How to Increase Charitable Giving and Revenues at the Same Time

Budget reformers often try to achieve deficit reduction by simply stacking up a bunch of expenditure cuts and revenue increases.  Unfortunately, such an approach tends to avoid the systemic types of reforms that might make programs work better and save costs at the same time.  Here’s one example from the charitable contribution deduction, taken from one of my testimonies.

The chart below shows several types of potential changes to charitable tax law—credits, caps on deductions, a floor under which deductions wouldn’t be allowed, and a floor combined with an additional incentive for non-itemizers who cannot currently use the deduction—such that each would increase government revenue by about $10 billion.  Regardless of whether one believes that people have low or high response rates to the charitable incentive, it demonstrates that different proposals can have the same revenue effect but dramatically different effects on giving.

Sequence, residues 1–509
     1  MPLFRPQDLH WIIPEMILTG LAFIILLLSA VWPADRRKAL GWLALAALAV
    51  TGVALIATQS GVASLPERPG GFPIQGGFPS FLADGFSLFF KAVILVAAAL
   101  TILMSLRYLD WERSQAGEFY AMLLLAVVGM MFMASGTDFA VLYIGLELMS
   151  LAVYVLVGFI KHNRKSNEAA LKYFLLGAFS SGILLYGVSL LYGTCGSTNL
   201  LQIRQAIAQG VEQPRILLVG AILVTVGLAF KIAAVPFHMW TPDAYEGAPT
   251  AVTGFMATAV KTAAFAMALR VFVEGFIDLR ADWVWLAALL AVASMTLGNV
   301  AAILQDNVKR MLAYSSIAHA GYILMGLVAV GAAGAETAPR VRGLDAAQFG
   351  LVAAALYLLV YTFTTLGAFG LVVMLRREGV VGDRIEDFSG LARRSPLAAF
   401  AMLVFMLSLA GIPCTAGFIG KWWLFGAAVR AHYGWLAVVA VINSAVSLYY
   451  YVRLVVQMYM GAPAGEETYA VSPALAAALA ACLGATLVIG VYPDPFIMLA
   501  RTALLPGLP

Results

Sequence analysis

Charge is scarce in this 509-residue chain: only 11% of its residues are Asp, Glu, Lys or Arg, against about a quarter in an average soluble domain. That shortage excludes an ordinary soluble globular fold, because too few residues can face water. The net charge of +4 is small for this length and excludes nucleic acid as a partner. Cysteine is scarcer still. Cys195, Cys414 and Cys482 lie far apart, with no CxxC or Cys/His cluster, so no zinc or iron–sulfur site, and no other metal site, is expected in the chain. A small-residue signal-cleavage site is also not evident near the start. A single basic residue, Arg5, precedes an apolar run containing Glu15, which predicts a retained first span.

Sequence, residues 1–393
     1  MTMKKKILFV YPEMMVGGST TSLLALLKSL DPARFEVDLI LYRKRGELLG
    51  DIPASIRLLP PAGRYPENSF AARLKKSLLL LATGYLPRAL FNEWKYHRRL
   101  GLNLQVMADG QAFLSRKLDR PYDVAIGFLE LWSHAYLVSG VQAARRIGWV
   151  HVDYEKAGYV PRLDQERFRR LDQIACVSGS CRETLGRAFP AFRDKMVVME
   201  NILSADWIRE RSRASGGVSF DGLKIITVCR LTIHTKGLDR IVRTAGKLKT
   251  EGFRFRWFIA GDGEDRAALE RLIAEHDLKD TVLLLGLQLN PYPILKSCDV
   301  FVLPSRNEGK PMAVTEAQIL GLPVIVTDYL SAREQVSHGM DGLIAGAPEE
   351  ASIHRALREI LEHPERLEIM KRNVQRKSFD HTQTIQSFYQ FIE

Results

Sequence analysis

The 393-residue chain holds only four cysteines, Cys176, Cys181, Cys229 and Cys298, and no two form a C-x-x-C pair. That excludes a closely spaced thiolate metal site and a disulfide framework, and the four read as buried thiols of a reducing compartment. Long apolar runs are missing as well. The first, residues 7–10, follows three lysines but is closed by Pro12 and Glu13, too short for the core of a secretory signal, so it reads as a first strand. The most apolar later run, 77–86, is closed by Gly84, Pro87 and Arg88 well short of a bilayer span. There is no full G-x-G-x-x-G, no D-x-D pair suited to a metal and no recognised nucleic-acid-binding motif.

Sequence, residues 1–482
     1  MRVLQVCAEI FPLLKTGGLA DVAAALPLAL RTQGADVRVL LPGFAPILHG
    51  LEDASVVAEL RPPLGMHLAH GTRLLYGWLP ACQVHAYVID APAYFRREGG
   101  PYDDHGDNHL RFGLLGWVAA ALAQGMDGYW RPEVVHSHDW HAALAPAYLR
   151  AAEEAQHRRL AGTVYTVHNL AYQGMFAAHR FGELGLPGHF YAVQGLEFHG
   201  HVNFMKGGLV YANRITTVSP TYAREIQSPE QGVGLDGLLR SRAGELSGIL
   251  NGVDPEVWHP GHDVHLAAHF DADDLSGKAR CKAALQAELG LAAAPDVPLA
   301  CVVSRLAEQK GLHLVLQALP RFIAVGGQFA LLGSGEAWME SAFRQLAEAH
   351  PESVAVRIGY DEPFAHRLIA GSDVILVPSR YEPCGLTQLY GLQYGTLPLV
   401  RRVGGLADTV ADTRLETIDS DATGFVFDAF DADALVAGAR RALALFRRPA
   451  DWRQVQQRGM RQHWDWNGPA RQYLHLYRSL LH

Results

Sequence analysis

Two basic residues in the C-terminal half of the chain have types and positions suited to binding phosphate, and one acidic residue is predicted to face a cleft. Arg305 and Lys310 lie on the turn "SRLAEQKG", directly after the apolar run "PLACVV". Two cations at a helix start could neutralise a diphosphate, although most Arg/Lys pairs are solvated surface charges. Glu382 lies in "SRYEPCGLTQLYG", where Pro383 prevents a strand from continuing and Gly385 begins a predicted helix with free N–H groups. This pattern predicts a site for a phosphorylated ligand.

Source: Urban-Brookings Tax Policy Center Microsimulation Model (version 0411-2).
Note: The “low response” category uses a price elasticity of charitable giving of -0.5, and the “high response” category uses an elasticity of -1.0.

The last option—an “above-the-line” deduction with the 1.7% floor—ends up raising about $10 billion without reducing charitable giving at all.  With a smaller floor, both charitable giving and revenues could be increased.  At the other extreme, a refundable 15.25% credit raises $10 billion but ends up forcing an estimated loss of between $3 and $5.4 billion in charitable giving.

Note how combining options creates new possibilities.  For instance, extending a deduction to non-itemizers by itself might be considered poor tax policy since it is believed to cost significant revenues per dollar of charitable pick-up.  And it could add significantly to IRS compliance costs.  But if combined with a floor on giving, the package could easily be designed to increase both revenue and charitable giving without adding to those IRS costs.

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